Mercedes-Benz opens a new plant in Hungary
The site is located in the city of Kecskemét and also costs a staggering €800-million. It will be the second home of the new Mercedes-Benz B-Class as it is also produced in Rastatt, Germany.
Meeting demand in Hungary
The news is huge to the company of Hungary as the new plant will naturally create more jobs and also boost their economy and car market. Viktor Orban, the Hungarian Prime Minister was present at the ceremony, which has more than 600 guests. He said “With the start of production in Kecskemét, the Mercedes-Benz offensive in the premium compact segment is shifting up a gear. With the production network of the Rastatt and Kecskemét plants, we now have the capacity to meet the demand from many existing and new customers in the premium compact segment.”
The Mercedes-Benz B-Class taking off
The new plant was opened as Mercedes-Benz are attempting to keep up with the sudden increase in demand for the Mercedes-Benz B-Class. The car has been sold more than 100,000 times since November 2011. That figures is set to heavily increase over the upcoming years.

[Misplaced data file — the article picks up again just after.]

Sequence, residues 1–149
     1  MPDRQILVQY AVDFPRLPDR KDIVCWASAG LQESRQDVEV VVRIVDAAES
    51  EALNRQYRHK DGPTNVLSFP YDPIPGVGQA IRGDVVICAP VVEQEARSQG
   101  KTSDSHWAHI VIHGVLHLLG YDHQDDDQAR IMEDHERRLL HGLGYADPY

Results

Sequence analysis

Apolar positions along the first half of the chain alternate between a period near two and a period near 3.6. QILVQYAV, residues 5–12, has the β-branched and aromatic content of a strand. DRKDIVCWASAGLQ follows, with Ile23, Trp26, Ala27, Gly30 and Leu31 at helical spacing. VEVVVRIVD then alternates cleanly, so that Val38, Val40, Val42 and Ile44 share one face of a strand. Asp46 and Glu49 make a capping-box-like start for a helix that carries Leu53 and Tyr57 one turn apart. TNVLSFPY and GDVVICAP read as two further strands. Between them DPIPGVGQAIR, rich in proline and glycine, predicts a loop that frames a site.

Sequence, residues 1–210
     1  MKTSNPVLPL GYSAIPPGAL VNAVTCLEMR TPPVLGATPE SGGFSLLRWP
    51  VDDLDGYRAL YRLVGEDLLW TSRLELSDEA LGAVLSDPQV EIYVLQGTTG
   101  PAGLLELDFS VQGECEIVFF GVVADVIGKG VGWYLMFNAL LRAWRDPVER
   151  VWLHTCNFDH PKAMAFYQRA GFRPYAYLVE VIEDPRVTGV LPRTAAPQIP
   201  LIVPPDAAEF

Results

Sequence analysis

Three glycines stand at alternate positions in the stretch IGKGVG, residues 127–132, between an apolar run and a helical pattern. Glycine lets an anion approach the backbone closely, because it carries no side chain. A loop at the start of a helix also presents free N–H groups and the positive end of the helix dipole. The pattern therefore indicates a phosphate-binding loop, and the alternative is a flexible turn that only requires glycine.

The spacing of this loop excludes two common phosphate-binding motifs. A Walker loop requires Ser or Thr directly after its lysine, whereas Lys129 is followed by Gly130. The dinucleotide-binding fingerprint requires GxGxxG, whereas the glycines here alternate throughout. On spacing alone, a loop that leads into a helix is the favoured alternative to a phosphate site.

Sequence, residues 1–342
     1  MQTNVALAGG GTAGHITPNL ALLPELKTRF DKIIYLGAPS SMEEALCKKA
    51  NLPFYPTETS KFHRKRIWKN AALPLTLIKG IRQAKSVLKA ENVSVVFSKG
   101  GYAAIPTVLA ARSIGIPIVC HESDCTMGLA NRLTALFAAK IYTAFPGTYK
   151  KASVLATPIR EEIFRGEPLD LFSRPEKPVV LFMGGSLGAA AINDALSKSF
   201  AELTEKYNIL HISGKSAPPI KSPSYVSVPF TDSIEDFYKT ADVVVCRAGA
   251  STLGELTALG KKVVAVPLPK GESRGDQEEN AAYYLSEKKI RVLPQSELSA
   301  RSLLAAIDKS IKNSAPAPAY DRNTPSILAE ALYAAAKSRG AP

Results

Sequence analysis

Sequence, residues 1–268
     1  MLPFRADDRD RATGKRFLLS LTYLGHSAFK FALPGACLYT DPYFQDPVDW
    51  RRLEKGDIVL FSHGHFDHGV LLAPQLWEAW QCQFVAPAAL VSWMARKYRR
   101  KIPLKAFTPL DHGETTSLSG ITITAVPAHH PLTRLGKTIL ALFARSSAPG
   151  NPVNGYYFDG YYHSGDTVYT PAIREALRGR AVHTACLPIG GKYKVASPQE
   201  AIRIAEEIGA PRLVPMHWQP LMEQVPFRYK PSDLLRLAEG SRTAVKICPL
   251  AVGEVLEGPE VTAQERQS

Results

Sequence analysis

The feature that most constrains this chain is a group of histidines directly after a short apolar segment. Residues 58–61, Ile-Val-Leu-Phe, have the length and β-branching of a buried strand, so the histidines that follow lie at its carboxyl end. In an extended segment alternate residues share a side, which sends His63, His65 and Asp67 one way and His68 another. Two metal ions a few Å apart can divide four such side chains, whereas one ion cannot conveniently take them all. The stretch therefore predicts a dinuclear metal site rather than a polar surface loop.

The location of the new Kecskemét plant was strategically placed. Collaboration between the plant in Rastatt will mean that the B-Class vehicle was can developed with more efficiency and in a more cost effective manner. The transport links between the two plants are state of the art. Components such as engines, transmission systems and body parts can be delivered directly by rail. It has been claimed that by the year 2013, fully completed vehicles will have the ability to be completely transported by rail between plants. This will save on costs as well ease the pressure on the Government’s C02 emission restrictions.
Labour costs cheaper
The labour costs in Hungry are a lot cheaper than that of Germany. Hourly wages could be more than halved in comparison.
Some of you may be surprised at the news as there is a huge crisis within the European car market at present. However the luxury car segment is currently booming, with capacity needing to be increased as demand is higher than cars produced at present. It is the complete opposite for mass car producers, as they capacity is higher than demand.